Grief and intellectual absolutism

I’m reading Anne Somerset’s Queen Anne: The Politics of Passion, another consequence of my viewing of the movie The Favourite (my review here). So far, it’s nicely written, detailed but not a grind, and an interesting insight into what happens when a really normal person with some health problems becomes monarch of a significant kingdom. It’s also an insight into the precarious feeling of the political environment after the Glorious Revolution. That James II’s son and Anne’s half brother, James Edward Francis Stewart, the Pretender, might actually become King was a real possibility.

Sarah Churchill, Duchess of Marlborough, meditating on how to get back at someone

Sarah Churchill, Duchess of Marlborough, meditating on how to get back at someone

As The Favourite shows, a lot of Anne’s emotional life was tied up with Sarah Churchill, Duchess of Marlborough. They had been close since Sarah was 13 and Anne eight, when Sarah became a maid of honour to Mary Beatrice of Modena, second wife of James II, Anne’s father (this was in 1673, long before he had his brief run as king).

The formerly close relationship ended in the early 1700s, during Anne’s reign. Though intelligent and witty, Sarah had always been hard to get along with. She became an ardent Whig, while Anne leaned Tory. Sarah would not leave this alone.

The historical significance of the deaths of children

In 1703, Sarah’s only surviving son, John, caught smallpox at Cambridge, and died. Sarah was overcome with grief, and, even though Anne had suffered her own griefs, with a son who had died at 11 and a number of children who had died young or been stillborn, this did not lead Sarah to a common sympathy with her. In fact, according to Somerset, “…Sarah’s grief had acquired a competitive edge. She came to believe that Anne’s suffering when her children died had not been nearly as intense as hers.”

Most of us have known someone like that.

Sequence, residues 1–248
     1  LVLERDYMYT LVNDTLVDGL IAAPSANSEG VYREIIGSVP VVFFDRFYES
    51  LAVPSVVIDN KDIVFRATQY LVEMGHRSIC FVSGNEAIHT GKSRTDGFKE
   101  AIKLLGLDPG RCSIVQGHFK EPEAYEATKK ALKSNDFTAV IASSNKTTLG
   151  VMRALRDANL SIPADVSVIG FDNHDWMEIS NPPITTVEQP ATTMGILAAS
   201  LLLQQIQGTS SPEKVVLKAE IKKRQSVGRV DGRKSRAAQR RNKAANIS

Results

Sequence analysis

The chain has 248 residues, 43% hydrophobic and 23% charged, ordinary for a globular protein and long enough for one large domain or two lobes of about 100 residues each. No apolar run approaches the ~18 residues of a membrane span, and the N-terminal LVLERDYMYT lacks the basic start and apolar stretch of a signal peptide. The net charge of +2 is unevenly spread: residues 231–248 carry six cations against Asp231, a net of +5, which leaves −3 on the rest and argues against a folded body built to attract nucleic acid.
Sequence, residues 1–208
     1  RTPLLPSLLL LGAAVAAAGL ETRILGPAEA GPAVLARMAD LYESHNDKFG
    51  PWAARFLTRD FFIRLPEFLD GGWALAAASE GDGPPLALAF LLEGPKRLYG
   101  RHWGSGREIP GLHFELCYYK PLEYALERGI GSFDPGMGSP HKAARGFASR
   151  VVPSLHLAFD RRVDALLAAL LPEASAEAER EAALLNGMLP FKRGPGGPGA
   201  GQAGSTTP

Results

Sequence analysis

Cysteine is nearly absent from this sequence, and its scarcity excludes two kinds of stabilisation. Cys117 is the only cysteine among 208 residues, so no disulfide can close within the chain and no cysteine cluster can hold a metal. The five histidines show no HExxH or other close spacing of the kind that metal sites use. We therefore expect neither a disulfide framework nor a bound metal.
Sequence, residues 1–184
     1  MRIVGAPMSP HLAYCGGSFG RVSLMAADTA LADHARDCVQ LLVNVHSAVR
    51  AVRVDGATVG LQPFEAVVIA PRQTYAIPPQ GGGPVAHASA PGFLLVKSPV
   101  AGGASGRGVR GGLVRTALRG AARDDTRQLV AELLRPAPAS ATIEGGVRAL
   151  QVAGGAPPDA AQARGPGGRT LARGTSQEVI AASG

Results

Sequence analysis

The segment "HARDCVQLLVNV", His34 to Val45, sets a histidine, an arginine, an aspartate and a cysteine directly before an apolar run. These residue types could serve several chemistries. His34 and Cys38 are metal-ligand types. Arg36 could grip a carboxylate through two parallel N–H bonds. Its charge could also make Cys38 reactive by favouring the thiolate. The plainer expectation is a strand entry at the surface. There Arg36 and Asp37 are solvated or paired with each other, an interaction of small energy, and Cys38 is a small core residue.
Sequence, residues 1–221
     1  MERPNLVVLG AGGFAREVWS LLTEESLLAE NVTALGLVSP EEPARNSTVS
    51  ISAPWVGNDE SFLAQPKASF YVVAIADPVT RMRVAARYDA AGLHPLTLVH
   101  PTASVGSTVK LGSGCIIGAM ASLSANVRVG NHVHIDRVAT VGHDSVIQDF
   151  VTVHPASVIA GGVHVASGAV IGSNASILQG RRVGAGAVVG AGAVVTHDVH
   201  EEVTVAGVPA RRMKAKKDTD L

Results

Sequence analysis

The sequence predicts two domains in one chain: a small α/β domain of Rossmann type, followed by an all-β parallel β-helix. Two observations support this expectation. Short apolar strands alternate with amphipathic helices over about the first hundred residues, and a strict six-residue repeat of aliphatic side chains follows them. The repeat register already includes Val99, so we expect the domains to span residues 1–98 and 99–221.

But it seems that the grief had a significant effect on her personality:

Sarah’s bitterness at the loss of her only son stifled her generosity of spirit. Now, intolerance and inflexibility, became her dominant traits. By her own account, she had never derived much emotional satisfaction from her friendship with Anne, but henceforth it was validated in her eyes principally by her belief that she must mould Anne to her will and thus aid not only her husband [the Duke of Marlborough] and Godolphin [First Lord of the Treasury] but also the political party she favored [the Whigs]. Finding in politics an outlet that distracted her from her grief, Sarah devoted herself to it with febrile energy, seeing things in absolute terms that left no room for nuance. It became increasingly hard for her to accommodate any form of disagreement, or to concede that other people’s beliefs had any legitimacy at all.

It made her a familiar tiresome partisan. How often are these inflexible people riven with grief, or some other strong emotion or experience that has eroded parts of their personality? I don’t know that this is a common cause of tiresome political absolutism, and even knowing its very real cause couldn’t have made Sarah anything but a real pain to deal with, but it is an interesting thing to think about.

Sarah never recovered her old personality, though she lived until age 84. I think it is probably vain to think that any of our more pointlessly ardent political absolutists will either.

What effect have personal tragedies and experiences had on the way you relate politically?

And do you really think you are able to tell?